Using SQLite in Your Windows Phone Application

Friday Mar 30th 2012 by Vipul Patel
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The first version of Windows Phone did not have good support for local database support. Vipul Patel shows yhou how application developers can use support for SQLite in their Windows Phone applications.

Introduction

In the rush to get the first version of Windows Phone out, Microsoft did not include a lot of features in the initial launch of the Windows Phone platform. Many useful things, like copy/paste, were missing; another notable absentee feature was support for a local database.

Application developers were expected to use server-side databases to achieve their desired results. Fortunately for us, open source efforts from the developer community delivered support for SQLite to the Windows Phone, allowing the platform to have local database support before it was officially launched in Windows Phone Mango.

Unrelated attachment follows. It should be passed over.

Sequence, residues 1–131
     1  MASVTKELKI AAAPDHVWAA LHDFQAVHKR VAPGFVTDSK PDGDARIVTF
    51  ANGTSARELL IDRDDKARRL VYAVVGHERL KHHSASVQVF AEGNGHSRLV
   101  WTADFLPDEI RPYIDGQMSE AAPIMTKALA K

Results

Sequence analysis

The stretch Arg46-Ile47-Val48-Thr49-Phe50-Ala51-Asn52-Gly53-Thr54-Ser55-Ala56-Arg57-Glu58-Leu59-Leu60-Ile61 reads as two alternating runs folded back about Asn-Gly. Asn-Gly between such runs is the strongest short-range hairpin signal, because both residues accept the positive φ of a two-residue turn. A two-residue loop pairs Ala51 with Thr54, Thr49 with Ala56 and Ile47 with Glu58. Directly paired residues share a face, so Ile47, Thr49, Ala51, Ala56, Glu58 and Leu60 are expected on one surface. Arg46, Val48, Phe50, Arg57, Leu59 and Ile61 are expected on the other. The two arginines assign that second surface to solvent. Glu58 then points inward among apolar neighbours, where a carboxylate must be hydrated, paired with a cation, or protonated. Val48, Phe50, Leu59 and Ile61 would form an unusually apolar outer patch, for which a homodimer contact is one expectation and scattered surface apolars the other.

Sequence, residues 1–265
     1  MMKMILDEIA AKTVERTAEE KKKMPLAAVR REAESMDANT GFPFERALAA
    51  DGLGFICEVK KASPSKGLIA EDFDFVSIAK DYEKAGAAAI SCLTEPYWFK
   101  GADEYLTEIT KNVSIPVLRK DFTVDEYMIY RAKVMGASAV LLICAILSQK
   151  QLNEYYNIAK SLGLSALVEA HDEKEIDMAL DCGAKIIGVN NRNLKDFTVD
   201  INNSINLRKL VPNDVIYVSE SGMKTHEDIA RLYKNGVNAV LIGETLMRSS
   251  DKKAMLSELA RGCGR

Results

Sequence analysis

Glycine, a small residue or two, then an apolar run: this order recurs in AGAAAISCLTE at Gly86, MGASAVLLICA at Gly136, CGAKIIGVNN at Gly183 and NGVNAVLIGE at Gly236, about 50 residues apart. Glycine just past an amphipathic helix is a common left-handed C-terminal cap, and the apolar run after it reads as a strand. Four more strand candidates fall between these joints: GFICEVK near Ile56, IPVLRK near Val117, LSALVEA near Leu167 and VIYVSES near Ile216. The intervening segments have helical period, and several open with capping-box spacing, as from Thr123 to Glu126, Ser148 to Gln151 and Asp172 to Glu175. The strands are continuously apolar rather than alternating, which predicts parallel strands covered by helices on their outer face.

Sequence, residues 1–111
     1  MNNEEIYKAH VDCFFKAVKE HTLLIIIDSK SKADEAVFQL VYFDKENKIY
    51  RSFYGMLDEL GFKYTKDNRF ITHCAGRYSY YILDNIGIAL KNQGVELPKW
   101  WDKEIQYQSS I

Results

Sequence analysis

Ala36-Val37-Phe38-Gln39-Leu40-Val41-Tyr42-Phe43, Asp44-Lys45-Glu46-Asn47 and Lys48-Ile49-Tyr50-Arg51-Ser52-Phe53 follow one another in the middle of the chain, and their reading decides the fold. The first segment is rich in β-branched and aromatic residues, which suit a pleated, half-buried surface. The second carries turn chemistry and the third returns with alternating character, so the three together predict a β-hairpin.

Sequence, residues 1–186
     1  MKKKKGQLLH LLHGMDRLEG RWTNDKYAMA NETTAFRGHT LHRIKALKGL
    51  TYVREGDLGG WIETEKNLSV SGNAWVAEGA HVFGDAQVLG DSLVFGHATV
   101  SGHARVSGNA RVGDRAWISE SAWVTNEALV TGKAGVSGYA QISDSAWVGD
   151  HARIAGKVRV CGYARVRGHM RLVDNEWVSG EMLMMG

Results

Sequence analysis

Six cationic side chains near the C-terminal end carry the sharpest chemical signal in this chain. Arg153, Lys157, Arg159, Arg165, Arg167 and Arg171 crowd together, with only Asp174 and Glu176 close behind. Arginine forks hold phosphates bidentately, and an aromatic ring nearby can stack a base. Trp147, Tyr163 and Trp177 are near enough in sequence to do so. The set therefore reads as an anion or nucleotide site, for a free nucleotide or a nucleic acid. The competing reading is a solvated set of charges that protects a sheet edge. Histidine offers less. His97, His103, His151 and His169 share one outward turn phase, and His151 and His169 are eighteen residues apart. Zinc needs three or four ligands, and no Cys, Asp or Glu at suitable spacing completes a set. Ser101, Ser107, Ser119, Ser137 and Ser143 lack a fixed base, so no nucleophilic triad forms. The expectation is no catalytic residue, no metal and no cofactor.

Getting the SQLite Library

The SQLite client for Windows Phone is available at http://sqlitewindowsphone.codeplex.com/

At the time of writing the article, version 0.6.1 was available (download link is http://sqlitewindowsphone.codeplex.com/releases/58255/download/191978).

The download (available under the LGPL license) includes the source code.  When you extract the contents of the download, you will notice that it contains 2 Visual Studio Projects, (a) Community.CsharpSqlite.WP (which contains the code for the wrapper), and (b) a test project CSharpSqlite.TestProject (which contains test code).

For application developers targeting local database support, the binary, which is compiled from the project "Community.CsharpSqlite.WP" is necessary.

How SQLite on Windows Phone Works

SQLite on Windows Phone uses the feature of isolated storage as is data repository.